Public Records: 2
Specimens with Barcodes: 2
Species With Barcodes: 1
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Conservation

Conservation Status

IUCN Red List Assessment


Red List Category
EN
Endangered

Red List Criteria
C1

Version
2.3

Year Assessed
2000
  • Needs updating

Assessor/s
Crocodile Specialist Group

Reviewer/s

Contributor/s

Justification
Unconfirmed reports from Vietnam and Sulawesi. Widespread though at low densities. From current information available from 39 different localities in ten different river drainages the population is estimated at below 2,500 mature individuals.

History
  • 1996
    Data Deficient
    (Baillie and Groombridge 1996)
  • 1996
    Data Deficient
  • 1994
    Endangered
    (Groombridge 1994)
  • 1990
    Endangered
    (IUCN 1990)
  • 1988
    Endangered
    (IUCN Conservation Monitoring Centre 1988)
  • 1986
    Endangered
    (IUCN Conservation Monitoring Centre 1986)
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Current Listing Status Summary

Status: Endangered
Date Listed: 06/14/1976
Lead Region: Foreign (Region 10) 
Where Listed: Entire


Population detail:

Population location: Entire
Listing status: E

For most current information and documents related to the conservation status and management of Tomistoma schlegelii , see its USFWS Species Profile

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Status

Classified as Endangered (EN - C1) on the IUCN Red List 2002 (1), and listed on Appendix I of CITES (4).
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Population

Population
A total population estimate is not possible but an estimate of below 2,500 mature adults was agreed by a consensus of active researchers as a cautious figure.
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Threats

Habitat destruction caused by the construction of dams, channelling and deforestation amongst others has been the main cause of the decline of this species and continues to be its main threat to this day (3). Intensive hunting in some areas, especially Sumatra, in the mid 20th Century also contributed greatly to the decline in population numbers (3). Further threats come from fishing practices, with false gharials either becoming caught in nets, poisoned by toxins used to kill fish, or else loosing their food source to local fishermen (2).
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Management

Conservation Actions

Conservation Actions
It is listed on CITES Appendix I.
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Conservation

International trade in the false gharial is prevented by its listing on Appendix I of the Convention on International Trade in Endangered Species (CITES) (1), and many of the known populations occur within protected areas (3). Recent population estimates of the false gharial are under 2,500 mature adults but data on distribution is still insufficient (2). Before a successful conservation management plan can be implemented more information needs to be collected on the current status of this species in Malaysia and Indonesia. Further research into behaviour and ecology must be carried out in order to identify priority habitats and population needs (3). A Tomistoma Task Force has recently been set up under the umbrella of the IUCN-SSC Crocodile Specialist Group (5).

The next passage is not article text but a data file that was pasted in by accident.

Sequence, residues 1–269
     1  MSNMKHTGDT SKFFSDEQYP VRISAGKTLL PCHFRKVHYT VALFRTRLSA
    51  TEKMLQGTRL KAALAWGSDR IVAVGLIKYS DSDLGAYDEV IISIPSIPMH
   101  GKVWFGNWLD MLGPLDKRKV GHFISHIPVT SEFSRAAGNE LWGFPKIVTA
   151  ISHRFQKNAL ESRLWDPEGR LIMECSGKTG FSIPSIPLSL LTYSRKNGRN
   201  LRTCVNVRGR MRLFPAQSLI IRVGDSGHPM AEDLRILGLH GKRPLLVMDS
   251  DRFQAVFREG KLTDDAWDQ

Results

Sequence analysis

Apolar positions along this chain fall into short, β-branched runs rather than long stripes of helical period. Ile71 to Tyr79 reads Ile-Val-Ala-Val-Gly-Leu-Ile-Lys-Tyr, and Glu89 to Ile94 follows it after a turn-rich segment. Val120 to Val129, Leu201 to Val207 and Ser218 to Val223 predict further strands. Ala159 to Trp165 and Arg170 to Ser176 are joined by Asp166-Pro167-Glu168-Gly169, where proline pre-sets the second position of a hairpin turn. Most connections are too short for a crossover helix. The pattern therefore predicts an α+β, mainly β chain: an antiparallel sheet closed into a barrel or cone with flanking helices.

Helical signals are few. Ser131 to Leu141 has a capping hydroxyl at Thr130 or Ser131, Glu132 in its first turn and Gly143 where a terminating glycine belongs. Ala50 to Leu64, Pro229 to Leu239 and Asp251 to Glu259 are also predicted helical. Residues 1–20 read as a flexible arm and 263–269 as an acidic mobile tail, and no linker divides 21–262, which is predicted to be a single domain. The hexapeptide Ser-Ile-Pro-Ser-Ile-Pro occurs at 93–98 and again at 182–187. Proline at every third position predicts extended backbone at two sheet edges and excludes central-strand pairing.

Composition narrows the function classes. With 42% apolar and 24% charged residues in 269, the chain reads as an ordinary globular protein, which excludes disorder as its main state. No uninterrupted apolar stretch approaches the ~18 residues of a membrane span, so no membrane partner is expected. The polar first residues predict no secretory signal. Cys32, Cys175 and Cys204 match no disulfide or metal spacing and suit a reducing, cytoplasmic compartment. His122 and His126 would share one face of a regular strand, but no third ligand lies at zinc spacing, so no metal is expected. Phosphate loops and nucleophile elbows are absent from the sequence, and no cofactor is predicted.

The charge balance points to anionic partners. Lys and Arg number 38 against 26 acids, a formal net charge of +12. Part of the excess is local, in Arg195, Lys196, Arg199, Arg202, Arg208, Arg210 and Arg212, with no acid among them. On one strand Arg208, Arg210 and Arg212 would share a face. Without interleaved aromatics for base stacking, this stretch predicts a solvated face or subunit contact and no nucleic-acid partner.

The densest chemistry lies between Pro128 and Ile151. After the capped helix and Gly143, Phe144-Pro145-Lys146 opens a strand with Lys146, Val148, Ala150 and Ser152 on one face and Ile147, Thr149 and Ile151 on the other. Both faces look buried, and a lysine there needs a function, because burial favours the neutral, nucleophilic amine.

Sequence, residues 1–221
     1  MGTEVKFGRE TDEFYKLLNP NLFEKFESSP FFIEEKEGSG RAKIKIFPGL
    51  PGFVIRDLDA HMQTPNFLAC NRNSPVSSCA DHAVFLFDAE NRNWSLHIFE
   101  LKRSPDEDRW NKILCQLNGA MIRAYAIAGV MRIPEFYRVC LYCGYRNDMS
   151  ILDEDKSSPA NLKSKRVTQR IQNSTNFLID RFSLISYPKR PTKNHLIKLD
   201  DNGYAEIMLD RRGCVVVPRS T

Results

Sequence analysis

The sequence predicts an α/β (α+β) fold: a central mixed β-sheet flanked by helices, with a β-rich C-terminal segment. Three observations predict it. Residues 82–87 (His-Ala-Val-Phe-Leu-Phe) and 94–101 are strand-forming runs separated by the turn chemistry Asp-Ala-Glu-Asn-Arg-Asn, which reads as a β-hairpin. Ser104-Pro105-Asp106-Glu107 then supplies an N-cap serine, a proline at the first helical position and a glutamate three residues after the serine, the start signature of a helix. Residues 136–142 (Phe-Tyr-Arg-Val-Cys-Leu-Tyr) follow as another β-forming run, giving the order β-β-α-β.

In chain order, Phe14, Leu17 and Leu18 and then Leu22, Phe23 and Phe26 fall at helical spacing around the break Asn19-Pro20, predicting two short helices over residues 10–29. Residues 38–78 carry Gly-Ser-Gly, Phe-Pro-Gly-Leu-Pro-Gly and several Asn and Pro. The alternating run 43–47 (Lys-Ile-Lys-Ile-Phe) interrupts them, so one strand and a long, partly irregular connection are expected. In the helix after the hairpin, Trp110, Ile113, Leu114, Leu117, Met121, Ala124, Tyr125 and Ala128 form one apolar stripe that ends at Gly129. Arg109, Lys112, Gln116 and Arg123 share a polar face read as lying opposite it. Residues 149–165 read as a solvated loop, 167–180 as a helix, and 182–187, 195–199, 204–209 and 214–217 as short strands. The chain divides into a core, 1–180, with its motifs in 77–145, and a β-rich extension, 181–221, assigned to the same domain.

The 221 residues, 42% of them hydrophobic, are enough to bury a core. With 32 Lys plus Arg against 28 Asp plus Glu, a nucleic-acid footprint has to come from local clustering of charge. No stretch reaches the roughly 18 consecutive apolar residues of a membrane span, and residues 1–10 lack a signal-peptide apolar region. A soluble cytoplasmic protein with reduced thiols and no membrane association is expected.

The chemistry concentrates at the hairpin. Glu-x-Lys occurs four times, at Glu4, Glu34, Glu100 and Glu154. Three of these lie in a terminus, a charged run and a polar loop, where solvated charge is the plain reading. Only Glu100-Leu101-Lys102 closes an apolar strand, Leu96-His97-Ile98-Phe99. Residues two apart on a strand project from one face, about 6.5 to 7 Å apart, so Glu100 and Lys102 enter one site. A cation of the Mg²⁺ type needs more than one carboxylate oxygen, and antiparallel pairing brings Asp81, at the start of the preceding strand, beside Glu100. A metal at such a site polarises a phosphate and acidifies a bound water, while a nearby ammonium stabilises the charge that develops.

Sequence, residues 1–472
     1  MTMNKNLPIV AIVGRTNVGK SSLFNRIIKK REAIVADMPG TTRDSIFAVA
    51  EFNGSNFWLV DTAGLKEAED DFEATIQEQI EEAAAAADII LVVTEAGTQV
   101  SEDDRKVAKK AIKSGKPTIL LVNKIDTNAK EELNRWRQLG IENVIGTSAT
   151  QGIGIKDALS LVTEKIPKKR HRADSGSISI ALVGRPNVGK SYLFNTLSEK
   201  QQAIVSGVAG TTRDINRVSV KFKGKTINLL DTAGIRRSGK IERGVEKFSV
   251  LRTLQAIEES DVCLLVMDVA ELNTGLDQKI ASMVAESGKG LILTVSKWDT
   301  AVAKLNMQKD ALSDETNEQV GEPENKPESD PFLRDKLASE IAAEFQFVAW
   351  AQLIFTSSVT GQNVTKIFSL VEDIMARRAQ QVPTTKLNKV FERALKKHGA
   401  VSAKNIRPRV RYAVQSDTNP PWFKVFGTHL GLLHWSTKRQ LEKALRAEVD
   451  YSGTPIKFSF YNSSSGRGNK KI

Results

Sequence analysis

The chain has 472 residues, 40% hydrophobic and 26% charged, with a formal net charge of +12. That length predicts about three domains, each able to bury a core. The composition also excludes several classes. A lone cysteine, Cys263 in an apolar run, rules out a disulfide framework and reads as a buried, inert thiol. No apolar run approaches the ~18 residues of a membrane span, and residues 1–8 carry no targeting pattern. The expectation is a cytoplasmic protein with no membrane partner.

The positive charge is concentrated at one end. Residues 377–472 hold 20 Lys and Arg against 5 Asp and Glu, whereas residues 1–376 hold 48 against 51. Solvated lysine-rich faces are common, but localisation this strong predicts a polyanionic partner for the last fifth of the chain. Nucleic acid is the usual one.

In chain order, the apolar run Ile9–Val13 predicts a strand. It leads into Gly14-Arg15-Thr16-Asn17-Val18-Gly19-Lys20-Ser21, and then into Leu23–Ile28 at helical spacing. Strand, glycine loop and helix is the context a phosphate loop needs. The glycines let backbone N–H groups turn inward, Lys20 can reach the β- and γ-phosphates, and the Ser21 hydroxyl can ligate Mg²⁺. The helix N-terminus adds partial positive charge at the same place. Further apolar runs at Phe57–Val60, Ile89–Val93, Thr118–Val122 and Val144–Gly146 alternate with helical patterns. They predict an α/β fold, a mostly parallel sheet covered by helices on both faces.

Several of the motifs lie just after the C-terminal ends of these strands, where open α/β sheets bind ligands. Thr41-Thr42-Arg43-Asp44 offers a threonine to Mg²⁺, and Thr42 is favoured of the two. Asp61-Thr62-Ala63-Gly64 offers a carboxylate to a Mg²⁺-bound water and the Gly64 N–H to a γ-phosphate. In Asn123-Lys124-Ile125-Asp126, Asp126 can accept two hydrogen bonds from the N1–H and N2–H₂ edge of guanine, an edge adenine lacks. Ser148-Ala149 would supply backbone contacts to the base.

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Wikipedia

False gharial

The false gharial (Tomistoma schlegelii), also known as the Malayan gharial, or false gavial is a freshwater crocodilian with a very thin and elongated snout. The false gharial is listed as a vulnerable species by IUCN as the population is estimated at below 2,500 mature individuals.[1]

Characteristics[edit]

Close-up of false gharial
Tomistoma skull at the Zoological Museum of the Zoological Institute of the Russian Academy of Sciences, St. Petersburg

The false gharial is dark reddish-brown above with dark brown or black spots and cross-bands on the back and tail. Ventrals are grayish-white, with some lateral dark mottling. Juveniles are mottled with black on the sides of the jaws, body, and tail. The smooth and unornamented snout is extremely long and slender, parallel sided, with a length of 3.0 to 3.5 times the width at the base. All teeth are long and needle-like, interlocking on the insides of the jaws, and are individually socketed. The dorsal scales are broad at midbody and extend onto the sides of the body. The digits are webbed at the base. Integumentary sensory organs are present on the head and body scalation. Scales behind the head are frequently a slightly enlarged single pair. Some individuals bear a number of adjoining small keeled scales. Scalation is divided medially by soft granular skin. Three transverse rows of two enlarged nuchal scales are continuous with the dorsal scales, which consist of 22 transverse rows of six to eight scales, are broad at midbody and extend onto the sides of the body. Nuchal and dorsal rows equals a total of 22 to 23 rows. It has 18 double-crested caudal whorls and 17 single-crested caudal whorls. The flanks have one or two longitudinal rows of six to eight very enlarged scales on each side.[3]